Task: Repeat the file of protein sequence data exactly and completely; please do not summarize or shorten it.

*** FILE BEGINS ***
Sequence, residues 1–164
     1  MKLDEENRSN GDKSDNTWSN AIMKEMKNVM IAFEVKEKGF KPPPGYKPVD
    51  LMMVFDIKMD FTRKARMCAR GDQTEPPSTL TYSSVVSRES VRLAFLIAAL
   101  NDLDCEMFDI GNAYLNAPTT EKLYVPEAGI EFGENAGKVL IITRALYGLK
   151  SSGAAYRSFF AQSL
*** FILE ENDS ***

Sequence, residues 1–164
     1  MKLDEENRSN GDKSDNTWSN AIMKEMKNVM IAFEVKEKGF KPPPGYKPVD
    51  LMMVFDIKMD FTRKARMCAR GDQTEPPSTL TYSSVVSRES VRLAFLIAAL
   101  NDLDCEMFDI GNAYLNAPTT EKLYVPEAGI EFGENAGKVL IITRALYGLK
   151  SSGAAYRSFF AQSL